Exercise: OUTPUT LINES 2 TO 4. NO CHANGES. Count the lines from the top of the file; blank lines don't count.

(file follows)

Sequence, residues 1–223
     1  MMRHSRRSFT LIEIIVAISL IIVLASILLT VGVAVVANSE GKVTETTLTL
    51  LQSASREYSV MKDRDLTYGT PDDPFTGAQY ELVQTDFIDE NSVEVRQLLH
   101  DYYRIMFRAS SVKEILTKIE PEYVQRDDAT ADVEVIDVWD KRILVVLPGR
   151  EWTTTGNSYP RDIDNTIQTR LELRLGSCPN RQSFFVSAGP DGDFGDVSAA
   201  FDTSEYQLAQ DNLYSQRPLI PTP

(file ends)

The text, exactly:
     1  MMRHSRRSFT LIEIIVAISL IIVLASILLT VGVAVVANSE GKVTETTLTL
    51  LQSASREYSV MKDRDLTYGT PDDPFTGAQY ELVQTDFIDE NSVEVRQLLH
   101  DYYRIMFRAS SVKEILTKIE PEYVQRDDAT ADVEVIDVWD KRILVVLPGR